In February 2010, Franzen (along with writers including Richard Ford, Zadie Smith and Anne Enright) was asked by The Guardian to contribute what he believed were ten serious rules to abide by for aspiring writers. Franzen's rules ran as follows:
1. The reader is a friend, not an adversary, not a spectator.
2. Fiction that isn't an author's personal adventure into the frightening or the unknown isn't worth writing for anything but money.
3. Never use the word "then" as a conjunction – we have "and" for this purpose. Substituting "then" is the lazy or tone-deaf writer's non-solution to the problem of too many "ands" on the page.
4. Write in the third person unless a really distinctive first-person voice offers itself irresistibly.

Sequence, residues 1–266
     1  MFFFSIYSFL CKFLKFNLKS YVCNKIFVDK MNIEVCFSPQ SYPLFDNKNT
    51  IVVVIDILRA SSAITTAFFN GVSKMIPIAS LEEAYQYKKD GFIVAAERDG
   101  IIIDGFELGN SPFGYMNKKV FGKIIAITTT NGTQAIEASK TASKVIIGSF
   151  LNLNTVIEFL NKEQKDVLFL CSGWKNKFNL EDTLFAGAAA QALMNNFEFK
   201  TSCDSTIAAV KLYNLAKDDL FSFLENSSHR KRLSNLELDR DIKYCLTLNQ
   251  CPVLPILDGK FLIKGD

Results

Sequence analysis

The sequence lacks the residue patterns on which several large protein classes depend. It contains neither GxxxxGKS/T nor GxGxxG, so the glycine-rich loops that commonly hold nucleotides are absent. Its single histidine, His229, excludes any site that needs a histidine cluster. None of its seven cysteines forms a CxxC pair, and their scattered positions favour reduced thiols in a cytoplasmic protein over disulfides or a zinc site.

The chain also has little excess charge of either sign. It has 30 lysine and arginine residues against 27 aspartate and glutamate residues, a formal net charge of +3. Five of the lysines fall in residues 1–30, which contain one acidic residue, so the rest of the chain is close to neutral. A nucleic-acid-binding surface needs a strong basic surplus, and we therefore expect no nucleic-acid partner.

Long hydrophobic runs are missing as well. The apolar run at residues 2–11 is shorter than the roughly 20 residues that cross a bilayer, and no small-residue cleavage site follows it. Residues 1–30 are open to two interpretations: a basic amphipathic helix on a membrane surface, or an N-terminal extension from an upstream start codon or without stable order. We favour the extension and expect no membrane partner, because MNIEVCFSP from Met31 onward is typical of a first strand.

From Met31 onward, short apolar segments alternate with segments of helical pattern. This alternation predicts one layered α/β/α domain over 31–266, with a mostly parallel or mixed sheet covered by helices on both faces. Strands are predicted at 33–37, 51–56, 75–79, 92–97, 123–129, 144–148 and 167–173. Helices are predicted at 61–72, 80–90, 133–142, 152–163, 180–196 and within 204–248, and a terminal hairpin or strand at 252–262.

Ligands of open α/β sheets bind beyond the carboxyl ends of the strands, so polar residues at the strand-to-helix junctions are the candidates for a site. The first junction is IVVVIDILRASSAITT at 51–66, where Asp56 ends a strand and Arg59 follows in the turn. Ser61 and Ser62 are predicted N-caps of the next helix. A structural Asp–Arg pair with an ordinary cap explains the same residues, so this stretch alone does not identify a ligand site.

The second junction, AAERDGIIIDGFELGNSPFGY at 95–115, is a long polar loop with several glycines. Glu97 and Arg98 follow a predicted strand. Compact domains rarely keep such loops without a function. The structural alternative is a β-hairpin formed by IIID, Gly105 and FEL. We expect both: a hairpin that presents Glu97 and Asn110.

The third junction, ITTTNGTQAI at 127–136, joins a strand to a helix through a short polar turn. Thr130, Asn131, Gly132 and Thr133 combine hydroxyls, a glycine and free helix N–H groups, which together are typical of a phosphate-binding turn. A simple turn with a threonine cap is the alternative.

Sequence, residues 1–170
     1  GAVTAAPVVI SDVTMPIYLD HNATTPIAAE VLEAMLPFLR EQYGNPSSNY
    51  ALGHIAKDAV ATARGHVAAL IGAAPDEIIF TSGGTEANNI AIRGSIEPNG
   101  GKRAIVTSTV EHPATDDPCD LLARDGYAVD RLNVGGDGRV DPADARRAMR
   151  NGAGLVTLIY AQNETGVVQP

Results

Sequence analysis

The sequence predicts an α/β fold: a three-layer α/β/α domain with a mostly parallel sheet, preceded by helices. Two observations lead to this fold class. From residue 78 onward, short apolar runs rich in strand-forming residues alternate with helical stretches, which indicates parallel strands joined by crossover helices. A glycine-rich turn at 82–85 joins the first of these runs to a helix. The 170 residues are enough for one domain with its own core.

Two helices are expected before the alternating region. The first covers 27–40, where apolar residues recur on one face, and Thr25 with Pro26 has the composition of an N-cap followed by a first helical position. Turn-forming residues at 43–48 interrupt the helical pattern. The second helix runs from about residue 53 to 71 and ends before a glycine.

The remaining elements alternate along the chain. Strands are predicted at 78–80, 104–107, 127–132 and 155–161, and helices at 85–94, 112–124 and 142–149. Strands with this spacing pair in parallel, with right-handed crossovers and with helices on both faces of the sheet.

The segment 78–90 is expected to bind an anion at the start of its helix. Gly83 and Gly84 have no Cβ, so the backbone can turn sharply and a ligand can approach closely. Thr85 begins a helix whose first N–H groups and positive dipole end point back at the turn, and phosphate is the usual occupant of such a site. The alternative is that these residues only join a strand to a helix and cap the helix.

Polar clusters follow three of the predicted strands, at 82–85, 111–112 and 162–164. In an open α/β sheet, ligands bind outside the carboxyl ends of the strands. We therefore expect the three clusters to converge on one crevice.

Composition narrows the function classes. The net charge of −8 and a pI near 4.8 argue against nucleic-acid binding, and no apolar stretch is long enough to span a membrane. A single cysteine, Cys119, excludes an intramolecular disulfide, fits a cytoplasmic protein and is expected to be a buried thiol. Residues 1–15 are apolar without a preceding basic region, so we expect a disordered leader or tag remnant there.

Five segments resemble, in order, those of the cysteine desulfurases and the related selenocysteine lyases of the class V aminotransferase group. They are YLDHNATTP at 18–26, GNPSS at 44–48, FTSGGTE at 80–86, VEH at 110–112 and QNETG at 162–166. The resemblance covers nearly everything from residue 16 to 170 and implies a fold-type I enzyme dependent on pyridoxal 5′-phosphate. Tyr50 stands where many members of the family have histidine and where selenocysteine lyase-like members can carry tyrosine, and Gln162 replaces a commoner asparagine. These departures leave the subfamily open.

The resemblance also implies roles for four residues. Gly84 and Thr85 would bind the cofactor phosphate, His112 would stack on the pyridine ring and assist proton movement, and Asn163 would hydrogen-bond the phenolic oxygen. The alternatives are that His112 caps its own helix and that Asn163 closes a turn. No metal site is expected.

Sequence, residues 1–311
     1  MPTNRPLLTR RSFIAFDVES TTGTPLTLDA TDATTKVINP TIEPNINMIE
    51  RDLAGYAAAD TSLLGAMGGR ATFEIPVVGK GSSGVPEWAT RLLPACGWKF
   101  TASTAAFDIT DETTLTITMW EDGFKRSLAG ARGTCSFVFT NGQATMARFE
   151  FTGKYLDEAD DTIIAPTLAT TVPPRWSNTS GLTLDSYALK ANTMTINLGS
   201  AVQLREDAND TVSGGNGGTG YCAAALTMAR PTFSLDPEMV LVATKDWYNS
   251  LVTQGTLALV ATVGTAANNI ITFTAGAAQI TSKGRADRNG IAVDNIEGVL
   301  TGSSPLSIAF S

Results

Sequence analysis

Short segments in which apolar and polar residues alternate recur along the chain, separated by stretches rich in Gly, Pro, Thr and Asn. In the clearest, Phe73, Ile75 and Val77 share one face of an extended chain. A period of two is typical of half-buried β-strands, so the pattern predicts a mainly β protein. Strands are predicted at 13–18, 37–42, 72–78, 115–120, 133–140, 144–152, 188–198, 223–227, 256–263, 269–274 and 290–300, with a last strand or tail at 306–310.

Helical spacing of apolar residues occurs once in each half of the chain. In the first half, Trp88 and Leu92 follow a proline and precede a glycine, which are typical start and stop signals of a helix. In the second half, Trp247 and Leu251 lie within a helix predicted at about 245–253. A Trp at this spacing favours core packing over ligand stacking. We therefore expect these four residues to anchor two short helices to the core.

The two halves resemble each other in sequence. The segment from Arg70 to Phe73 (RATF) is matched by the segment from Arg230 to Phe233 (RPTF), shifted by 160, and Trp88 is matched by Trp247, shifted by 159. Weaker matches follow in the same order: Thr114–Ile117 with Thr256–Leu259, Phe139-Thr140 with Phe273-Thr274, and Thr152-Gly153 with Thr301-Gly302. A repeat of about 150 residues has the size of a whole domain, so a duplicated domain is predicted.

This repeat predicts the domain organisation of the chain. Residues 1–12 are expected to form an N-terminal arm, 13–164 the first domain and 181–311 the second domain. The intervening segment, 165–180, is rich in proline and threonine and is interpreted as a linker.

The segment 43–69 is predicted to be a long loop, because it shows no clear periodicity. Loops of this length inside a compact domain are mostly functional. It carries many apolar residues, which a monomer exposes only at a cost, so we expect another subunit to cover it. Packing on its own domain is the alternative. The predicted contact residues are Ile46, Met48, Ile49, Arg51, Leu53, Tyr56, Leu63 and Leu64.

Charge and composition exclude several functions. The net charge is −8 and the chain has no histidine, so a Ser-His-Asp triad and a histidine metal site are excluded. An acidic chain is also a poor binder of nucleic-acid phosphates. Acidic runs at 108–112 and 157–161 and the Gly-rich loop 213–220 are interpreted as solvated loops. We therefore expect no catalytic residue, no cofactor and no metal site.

5. When information becomes free and universally accessible, voluminous research for a novel is devalued along with it.
6. The most purely autobiographical fiction requires pure invention. Nobody ever wrote a more autobiographical story than "The Metamorphosis".
7. You see more sitting still than chasing after.
8. It's doubtful that anyone with an internet connection at his workplace is writing good fiction [the TIME magazine cover story detailed how Franzen physically disables the Net portal on his writing laptop].
9. Interesting verbs are seldom very interesting.
10. You have to love before you can be relentless.